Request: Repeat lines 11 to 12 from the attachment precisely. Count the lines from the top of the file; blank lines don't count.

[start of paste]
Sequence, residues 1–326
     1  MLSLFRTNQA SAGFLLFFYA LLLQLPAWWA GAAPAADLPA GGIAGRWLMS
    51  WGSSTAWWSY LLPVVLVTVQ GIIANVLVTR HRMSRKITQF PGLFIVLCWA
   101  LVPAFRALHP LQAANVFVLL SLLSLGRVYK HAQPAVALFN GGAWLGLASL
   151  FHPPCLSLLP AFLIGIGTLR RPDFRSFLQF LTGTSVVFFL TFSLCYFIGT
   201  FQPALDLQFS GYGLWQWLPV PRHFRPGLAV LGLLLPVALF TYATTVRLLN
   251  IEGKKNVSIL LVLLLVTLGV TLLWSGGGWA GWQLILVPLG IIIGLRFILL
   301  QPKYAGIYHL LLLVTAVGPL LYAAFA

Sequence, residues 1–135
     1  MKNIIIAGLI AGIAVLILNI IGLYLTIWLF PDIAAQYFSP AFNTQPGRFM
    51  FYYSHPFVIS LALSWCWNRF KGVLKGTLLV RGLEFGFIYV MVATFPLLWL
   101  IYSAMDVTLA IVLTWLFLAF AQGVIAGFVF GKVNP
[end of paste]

    51  FYYSHPFVIS LALSWCWNRF KGVLKGTLLV RGLEFGFIYV MVATFPLLWL
   101  IYSAMDVTLA IVLTWLFLAF AQGVIAGFVF GKVNP